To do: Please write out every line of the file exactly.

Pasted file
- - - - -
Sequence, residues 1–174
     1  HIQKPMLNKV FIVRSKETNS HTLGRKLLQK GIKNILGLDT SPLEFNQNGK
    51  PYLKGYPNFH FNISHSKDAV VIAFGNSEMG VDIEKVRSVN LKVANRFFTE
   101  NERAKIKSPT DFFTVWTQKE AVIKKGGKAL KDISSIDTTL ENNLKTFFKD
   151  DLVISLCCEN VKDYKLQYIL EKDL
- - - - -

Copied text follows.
Sequence, residues 1–174
     1  HIQKPMLNKV FIVRSKETNS HTLGRKLLQK GIKNILGLDT SPLEFNQNGK
    51  PYLKGYPNFH FNISHSKDAV VIAFGNSEMG VDIEKVRSVN LKVANRFFTE
   101  NERAKIKSPT DFFTVWTQKE AVIKKGGKAL KDISSIDTTL ENNLKTFFKD
   151  DLVISLCCEN VKDYKLQYIL EKDL